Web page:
In his letter to shareholders in Berkshire Hathaway’s 2002 annual report, legendary investor Warren Buffet wrote the oft-repeated phrase, “Derivatives are financial weapons of mass destruction.”
Yet just four years later, in Berkshire Hathaway’s 2006 annual report, Buffet acknowledged he had selectively used derivatives for many years and concluded, “We are likely to continue to earn – overall – significant profits from mispriced derivatives.”
More recently, the chairman of the Federal Reserve, Ben S. Bernanke, has regularly touted a public-private effort, led by the Federal Reserve Bank of New York, that removes some of the secrecy swirling around non-regulated trading of credit default swaps and other financial derivatives.
Yet one of the higher-profile proposals in this past spring’s debate over financial system reforms was one from Senator Blanche Lincoln (D-Ark.) that would mandate that all swaps – including all derivatives used by farmers, multinational companies and many investors in between – trade on an exchange.
In the wake of the contrasting waves of sentiment, what conclusions should an astute investor draw about such investments?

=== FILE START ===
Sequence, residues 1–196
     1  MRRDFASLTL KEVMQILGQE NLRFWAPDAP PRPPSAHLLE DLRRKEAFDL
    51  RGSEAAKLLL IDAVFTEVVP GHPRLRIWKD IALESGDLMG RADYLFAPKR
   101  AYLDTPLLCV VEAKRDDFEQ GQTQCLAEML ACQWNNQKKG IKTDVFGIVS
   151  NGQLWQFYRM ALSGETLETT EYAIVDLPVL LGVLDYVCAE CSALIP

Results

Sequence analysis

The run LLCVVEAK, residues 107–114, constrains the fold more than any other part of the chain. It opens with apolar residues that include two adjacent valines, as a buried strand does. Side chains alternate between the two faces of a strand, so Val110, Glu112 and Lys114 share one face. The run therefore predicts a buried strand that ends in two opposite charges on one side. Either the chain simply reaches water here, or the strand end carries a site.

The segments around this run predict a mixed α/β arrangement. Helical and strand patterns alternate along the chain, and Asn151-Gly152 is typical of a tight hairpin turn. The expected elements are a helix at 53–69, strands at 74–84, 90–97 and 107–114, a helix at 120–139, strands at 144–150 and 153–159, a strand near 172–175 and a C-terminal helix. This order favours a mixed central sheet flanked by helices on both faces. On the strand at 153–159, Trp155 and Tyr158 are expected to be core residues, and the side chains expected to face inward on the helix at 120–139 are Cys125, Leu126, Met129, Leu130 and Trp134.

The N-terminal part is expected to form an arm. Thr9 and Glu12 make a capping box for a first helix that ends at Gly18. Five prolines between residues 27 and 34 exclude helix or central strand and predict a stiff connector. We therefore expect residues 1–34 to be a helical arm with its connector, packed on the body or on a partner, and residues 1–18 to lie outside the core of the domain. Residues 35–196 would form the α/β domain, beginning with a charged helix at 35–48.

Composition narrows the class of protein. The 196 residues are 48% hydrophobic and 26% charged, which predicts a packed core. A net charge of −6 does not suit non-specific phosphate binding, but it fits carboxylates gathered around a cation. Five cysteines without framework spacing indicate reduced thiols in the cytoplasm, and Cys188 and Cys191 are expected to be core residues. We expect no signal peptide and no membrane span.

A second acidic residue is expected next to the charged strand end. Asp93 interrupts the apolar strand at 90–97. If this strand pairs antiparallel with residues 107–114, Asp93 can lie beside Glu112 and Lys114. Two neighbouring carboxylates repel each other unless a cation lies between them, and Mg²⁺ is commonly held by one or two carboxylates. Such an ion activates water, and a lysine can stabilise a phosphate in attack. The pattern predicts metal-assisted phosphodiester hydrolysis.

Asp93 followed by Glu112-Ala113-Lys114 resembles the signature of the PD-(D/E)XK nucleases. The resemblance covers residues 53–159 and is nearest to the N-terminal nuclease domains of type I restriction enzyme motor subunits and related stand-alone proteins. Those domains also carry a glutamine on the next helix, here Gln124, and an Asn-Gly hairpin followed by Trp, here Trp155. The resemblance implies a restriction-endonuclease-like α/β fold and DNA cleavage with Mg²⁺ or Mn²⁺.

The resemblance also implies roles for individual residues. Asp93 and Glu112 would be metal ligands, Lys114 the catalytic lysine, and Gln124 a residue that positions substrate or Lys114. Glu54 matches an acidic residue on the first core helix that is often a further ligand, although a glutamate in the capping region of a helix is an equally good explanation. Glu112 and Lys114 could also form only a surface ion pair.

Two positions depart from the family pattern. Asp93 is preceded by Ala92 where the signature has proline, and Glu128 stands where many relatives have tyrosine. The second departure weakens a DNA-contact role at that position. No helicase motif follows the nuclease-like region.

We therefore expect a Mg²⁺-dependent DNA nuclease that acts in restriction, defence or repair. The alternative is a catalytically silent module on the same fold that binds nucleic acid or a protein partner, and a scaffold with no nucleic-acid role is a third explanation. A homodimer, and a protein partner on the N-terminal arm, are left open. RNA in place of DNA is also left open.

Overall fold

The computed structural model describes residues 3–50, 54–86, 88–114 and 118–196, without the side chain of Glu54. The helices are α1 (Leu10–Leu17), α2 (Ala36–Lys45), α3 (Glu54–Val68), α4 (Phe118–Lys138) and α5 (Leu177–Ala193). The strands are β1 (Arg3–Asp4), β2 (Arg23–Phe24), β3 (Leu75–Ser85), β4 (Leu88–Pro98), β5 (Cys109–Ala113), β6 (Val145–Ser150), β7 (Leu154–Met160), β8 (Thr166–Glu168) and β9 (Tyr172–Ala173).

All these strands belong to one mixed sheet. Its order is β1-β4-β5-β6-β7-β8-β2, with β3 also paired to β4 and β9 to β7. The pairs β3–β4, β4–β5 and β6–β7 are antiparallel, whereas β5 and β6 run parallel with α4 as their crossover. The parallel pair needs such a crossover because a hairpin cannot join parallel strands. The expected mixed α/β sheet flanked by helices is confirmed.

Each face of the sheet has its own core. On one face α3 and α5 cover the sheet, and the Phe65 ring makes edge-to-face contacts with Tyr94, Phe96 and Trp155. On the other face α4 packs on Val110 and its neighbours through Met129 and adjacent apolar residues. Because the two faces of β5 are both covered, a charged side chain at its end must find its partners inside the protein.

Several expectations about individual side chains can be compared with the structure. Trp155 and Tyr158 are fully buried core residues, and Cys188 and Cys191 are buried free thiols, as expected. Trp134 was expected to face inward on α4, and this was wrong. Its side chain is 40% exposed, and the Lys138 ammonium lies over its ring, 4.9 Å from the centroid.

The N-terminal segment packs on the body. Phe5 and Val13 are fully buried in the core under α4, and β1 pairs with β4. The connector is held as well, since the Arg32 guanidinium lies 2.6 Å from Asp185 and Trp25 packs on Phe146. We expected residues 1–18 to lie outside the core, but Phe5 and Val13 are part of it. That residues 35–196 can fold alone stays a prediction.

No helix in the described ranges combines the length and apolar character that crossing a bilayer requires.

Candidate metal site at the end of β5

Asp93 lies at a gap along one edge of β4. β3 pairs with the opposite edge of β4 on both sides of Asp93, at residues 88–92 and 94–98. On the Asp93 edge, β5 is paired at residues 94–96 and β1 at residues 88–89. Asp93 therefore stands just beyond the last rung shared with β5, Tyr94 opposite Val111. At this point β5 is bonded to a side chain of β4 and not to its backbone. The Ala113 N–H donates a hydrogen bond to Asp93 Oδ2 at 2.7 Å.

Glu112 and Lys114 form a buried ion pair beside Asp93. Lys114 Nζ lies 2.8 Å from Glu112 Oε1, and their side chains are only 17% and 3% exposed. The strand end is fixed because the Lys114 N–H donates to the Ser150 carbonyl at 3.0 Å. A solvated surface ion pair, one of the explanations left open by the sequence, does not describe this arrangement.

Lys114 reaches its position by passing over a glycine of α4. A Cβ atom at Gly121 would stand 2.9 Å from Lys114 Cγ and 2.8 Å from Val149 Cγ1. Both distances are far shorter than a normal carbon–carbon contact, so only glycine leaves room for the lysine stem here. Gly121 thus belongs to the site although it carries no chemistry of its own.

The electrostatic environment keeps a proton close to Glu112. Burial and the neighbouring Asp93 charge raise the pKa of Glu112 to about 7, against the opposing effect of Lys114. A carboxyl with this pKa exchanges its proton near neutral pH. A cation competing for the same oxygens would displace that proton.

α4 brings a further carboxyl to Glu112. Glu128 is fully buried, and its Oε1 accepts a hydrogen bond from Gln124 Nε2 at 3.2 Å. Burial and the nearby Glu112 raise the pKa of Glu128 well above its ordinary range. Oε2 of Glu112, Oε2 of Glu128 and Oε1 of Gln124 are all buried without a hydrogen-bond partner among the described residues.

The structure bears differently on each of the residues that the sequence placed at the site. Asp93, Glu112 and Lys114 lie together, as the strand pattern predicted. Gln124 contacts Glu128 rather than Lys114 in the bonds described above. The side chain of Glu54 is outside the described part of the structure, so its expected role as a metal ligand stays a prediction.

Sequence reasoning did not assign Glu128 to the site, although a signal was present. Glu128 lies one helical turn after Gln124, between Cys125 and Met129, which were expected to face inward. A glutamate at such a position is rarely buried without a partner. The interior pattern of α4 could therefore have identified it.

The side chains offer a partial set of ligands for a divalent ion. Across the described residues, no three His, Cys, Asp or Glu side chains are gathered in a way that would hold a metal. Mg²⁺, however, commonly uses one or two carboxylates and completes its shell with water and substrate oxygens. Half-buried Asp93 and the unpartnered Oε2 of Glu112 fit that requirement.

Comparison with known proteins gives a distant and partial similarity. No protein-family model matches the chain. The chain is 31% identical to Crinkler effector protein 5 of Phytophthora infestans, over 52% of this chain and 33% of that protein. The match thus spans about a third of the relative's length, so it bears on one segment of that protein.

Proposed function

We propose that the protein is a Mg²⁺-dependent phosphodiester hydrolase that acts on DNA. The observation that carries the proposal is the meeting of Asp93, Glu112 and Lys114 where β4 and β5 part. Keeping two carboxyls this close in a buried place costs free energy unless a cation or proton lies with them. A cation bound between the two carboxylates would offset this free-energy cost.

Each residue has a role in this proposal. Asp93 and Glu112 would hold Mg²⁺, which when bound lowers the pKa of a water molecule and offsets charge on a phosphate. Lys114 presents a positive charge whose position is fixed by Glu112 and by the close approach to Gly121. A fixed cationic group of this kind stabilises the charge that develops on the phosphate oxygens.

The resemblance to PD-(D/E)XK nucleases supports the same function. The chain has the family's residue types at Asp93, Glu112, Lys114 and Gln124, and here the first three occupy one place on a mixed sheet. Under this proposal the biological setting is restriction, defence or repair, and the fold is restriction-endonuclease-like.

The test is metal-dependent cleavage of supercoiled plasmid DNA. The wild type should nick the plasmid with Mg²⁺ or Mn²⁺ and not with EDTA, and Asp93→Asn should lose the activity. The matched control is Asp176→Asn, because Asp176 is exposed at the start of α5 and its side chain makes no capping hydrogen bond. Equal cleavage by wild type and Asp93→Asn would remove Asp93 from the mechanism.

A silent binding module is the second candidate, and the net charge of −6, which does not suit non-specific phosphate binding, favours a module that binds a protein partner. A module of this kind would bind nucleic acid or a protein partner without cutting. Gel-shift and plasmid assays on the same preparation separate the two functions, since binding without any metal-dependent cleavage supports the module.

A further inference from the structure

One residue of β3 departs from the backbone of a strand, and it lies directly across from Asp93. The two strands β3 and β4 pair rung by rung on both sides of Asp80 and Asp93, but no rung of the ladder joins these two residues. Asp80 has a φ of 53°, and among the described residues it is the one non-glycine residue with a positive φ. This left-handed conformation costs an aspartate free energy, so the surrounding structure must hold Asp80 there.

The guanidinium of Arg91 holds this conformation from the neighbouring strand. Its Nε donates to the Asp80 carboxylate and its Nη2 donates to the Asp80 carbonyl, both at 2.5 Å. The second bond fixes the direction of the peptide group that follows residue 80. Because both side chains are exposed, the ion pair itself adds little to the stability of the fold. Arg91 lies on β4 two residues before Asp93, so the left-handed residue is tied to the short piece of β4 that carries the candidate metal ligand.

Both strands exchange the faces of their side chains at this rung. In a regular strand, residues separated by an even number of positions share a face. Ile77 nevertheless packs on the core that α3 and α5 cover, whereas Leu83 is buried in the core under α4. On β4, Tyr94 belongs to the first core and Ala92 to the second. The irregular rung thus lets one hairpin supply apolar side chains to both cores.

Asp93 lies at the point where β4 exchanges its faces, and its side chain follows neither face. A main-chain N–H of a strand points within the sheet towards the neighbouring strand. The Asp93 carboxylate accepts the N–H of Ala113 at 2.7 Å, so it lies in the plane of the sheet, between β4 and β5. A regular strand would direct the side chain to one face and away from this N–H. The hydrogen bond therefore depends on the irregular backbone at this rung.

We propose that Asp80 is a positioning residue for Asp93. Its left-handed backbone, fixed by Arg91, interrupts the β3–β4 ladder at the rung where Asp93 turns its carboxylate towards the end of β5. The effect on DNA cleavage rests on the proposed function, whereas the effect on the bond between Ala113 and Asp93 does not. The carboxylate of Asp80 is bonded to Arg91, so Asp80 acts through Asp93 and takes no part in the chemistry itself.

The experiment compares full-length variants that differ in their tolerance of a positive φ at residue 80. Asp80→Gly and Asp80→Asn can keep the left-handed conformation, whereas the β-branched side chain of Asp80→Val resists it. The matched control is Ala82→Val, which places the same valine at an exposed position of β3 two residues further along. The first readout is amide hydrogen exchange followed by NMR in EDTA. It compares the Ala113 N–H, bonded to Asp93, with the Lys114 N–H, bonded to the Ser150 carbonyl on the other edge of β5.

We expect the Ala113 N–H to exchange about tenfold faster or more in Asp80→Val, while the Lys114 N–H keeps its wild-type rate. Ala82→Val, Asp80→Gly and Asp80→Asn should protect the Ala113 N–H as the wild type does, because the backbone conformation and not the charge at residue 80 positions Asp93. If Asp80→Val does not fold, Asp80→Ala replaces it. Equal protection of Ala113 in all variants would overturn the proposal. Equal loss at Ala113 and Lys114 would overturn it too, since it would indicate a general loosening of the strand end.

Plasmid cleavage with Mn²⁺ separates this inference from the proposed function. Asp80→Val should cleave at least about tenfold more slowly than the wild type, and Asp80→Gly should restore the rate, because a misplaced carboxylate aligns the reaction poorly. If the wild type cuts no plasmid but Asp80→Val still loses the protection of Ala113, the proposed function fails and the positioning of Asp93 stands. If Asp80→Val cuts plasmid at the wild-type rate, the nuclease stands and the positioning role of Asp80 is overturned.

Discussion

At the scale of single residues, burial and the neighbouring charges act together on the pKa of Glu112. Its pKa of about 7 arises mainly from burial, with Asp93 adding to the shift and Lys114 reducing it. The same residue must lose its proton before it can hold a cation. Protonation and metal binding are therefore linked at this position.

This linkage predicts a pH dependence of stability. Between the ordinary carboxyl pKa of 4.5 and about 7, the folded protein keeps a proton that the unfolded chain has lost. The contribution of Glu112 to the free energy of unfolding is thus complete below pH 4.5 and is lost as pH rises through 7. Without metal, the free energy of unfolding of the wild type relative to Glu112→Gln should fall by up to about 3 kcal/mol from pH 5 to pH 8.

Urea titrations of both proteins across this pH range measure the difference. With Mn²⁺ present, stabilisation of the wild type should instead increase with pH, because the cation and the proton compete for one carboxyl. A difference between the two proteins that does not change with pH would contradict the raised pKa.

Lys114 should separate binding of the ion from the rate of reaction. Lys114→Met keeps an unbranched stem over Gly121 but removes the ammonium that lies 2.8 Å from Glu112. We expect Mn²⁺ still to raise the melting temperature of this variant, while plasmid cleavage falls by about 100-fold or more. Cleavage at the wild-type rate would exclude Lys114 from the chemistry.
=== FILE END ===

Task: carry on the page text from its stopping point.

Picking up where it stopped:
Ultimately, experts say such investments play an important role in the world’s financial markets. Love them or loathe them, derivatives facilitate hedging strategies, allow investors to make adjustments along the risk/reward spectrum, supply liquidity and ease diversification efforts.
“A function of derivatives is that they offer investors exposure to different asset classes and investment strategies in a cost-effective way,” says Mike Leon, a senior vice president with Northern Trust Securities Inc. “The tradeoff is that there is some added risk, but Northern Trust works to mitigate that risk through a process.”
Derivatives: An Extension of the Investable Universe
Boiled down to its simplest essence, a derivative is a financial contract that derives its value from an underlying asset, says Don Chance, a finance professor at Louisiana State University in Baton Rouge, La. When the value of the underlying security changes, so too does the value of the derivative. But because the derivative generally requires a much smaller upfront investment, the moves tend to have a much larger impact – on a percentage basis – on the returns derivatives generate.